Young women including Lao nationals cover their faces as they are rescued from a brothel last month in Suphan Buri, Thailand (Apichit Jinakul/Bangkok Post)
Every year without fail for over a decade, Thailand has been scolded by the United States for not doing enough to comply with US anti-trafficking and border control policies in its annual Trafficking in Persons (TIP) report card.
To show that Thailand is doing its job to tackle human trafficking in the sex industry, every year a few hundred migrants, mostly young women, are rounded up, detained and deported as victims of human trafficking.
Every year, we can also expect routine announcements of a crackdown to end human trafficking. Yet the problem persists.
Instead of following the failed responses to the issues of migrant labor and human trafficking of the past, this government should find new ways to tackle the problem. The powers-that-be should consider how people who have fled hardship in their home countries to seek better lives here could be assisted, not further punished by detention and deportation. They should also find more humane solutions that minimize exploitation of migrant labor and solve labor problems for all workers, no matter where they are from or what type of work they do.
This year we have already seen the death of a woman who was among 97 other people crammed into a closed truck. The already dangerous journey from Myanmar was made worse by the need to avoid anti-trafficking patrols. We have not learned her name or anything about her, but we can assume she fled her home in the hope of building a better life.
At present, moving and finding work is made difficult under the law intended for the downtrodden. The process involves a lot of paperwork, money and time. You need birth certificates, identity papers, proof of a bank account, invitation or offer of work and so on. Even under the law there is no guarantee that you will not be refused or exploited later. People trying to escape bad situations back home often do not have the required documents, time or opportunities to take the correct steps under the law.
For them, paying a broker is like going to a one-stop service center. It will be quicker, there is no refusal and no need for all the paperwork. Under current immigration and work policies, people trying to escape bad situations have little choice but to take a risk on a broker.
It will never be possible to use harsh laws and punishment to stop people moving across borders for better lives. People fleeing hardships — whether these are caused by abuses, natural disasters or poverty — need assistance, not punishment.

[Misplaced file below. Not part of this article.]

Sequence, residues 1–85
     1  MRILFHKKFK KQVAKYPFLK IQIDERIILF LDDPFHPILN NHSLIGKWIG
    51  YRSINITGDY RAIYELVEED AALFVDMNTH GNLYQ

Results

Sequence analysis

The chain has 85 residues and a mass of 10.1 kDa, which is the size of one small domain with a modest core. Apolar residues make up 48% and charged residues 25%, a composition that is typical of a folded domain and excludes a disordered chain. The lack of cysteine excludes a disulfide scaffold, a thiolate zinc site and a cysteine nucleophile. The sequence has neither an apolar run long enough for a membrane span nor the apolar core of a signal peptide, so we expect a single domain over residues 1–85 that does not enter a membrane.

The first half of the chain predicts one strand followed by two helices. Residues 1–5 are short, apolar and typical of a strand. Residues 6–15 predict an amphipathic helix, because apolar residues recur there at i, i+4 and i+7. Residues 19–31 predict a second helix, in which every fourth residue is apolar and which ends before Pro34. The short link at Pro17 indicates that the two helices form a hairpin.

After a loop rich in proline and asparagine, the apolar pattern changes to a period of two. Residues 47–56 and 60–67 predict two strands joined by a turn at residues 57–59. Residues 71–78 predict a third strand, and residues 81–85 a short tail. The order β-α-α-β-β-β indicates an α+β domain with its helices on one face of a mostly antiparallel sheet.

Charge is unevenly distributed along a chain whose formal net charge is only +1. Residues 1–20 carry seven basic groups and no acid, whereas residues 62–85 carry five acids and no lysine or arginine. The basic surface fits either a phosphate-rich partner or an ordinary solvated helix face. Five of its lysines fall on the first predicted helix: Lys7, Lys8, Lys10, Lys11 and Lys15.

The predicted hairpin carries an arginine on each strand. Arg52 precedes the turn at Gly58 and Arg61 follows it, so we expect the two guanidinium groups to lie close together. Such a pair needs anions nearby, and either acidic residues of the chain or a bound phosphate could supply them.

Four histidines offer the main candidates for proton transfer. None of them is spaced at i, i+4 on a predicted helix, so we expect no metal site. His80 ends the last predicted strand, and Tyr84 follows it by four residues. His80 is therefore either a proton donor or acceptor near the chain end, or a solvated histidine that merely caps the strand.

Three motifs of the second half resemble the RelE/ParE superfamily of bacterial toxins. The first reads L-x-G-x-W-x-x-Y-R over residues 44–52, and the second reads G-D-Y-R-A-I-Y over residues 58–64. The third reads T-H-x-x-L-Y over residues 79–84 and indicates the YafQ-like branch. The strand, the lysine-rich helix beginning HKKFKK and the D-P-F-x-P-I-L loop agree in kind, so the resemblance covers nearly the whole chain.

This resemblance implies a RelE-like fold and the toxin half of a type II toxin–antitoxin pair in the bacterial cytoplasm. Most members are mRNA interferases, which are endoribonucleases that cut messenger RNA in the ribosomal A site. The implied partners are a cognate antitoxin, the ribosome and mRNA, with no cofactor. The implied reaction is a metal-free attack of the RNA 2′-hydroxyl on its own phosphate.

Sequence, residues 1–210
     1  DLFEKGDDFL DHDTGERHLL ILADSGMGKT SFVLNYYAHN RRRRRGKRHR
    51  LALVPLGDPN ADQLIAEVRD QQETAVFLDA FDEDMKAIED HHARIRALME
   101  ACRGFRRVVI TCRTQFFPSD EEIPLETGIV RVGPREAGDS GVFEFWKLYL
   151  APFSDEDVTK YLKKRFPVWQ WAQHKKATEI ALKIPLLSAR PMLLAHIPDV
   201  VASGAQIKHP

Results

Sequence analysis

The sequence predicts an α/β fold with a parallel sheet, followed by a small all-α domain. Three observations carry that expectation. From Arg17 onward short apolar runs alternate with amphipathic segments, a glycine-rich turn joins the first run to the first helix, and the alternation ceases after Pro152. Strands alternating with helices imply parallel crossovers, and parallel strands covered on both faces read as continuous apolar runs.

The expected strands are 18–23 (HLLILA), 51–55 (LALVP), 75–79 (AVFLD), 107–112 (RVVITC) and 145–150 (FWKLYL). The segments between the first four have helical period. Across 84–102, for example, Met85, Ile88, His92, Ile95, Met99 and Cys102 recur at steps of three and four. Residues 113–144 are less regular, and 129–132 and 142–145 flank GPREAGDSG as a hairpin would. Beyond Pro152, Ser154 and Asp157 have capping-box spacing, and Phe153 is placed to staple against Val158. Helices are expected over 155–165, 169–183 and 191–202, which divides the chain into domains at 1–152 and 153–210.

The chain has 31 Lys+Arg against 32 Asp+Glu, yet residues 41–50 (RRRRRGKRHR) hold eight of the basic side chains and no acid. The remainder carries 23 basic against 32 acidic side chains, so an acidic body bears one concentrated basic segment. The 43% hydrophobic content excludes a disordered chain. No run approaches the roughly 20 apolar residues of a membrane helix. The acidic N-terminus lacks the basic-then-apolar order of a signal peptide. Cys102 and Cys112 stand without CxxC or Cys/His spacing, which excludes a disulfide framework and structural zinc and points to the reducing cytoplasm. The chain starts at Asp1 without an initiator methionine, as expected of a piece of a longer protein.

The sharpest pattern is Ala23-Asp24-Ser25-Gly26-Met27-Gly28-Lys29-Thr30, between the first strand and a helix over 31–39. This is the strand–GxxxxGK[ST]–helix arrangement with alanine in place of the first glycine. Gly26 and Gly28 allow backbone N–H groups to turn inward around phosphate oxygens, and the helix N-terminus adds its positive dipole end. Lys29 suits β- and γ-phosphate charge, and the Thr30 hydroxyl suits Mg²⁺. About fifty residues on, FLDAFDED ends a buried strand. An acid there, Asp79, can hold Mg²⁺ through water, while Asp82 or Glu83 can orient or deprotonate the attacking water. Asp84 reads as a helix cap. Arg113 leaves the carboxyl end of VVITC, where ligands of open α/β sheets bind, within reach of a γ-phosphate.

All people should be able to receive humanitarian assistance. Last month, a rescue took place in Suphan Buri province. It is alleged that a 14-year-old girl made a phone call to a foundation's hotline on December 1 asking for help for herself and her 15-year-old sister who were working in forced labor in a karaoke bar.
The help she was asking for took six weeks to arrive. It is a long time to wait for freedom while having to endure forced labor and abuse. Now, after six weeks, she will have to go through the interrogation process and other indignities. Another 70 women were arrested as well, whether they wanted this "help" or not.
The military government could ensure humane assistance is provided to people affected by trafficking. In the Suphan Buri raid, for example, the 70 women who are identified as "witnesses" should be protected and compensated according to the Witness Protection Law rather than being locked up in police cells and then being deported empty handed as is happening now.
When such women are sent to government shelters for breaking the Suppression of Prostitution Act, as government welfare reports explain, the majority of them wish to run away, and some try to escape.
For the witnesses who choose to stay in detention, they are given some vocational training. This is a measure to help them quit sex work. But with no income prospects, most return to sex work again when the detention period ends.
The military takes pride in its expertise in helping victims of natural disasters. If the military views people affected directly or as a consequence of trafficking the same way they do with people affected by natural disasters, they may be able to design humane long-term solutions that improve life for everyone.
When it comes to the US anti-trafficking agenda, one issue underpinning it is the desire to abolish prostitution. In Thailand there have been many attempts to wipe out prostitution, beginning with the enactment of the first anti-prostitution law in 1960.
However, in practice, sex workers become scapegoats and are arrested to show the anti-prostitution law is working. It is the same with the anti-human trafficking law.
While those who are forced into sex work must get help, those who enter sex work independently must receive protection for their rights.
Just as importantly the "American headmaster" who issues the TIP report card must be made to understand the reality of people's lives.
The US must uphold the rights, safety and wellbeing of people affected by its policies or by human trafficking.
Noi Apisuk is director of the Empower Foundation, an advocacy group of sex workers' rights. Liz Hilton is the Empower coordinator based in Chiang Mai.
Originally published in the Bangkok Post on March 2, 2015. Reused with permission.
Original story: US, Thailand must end scapegoating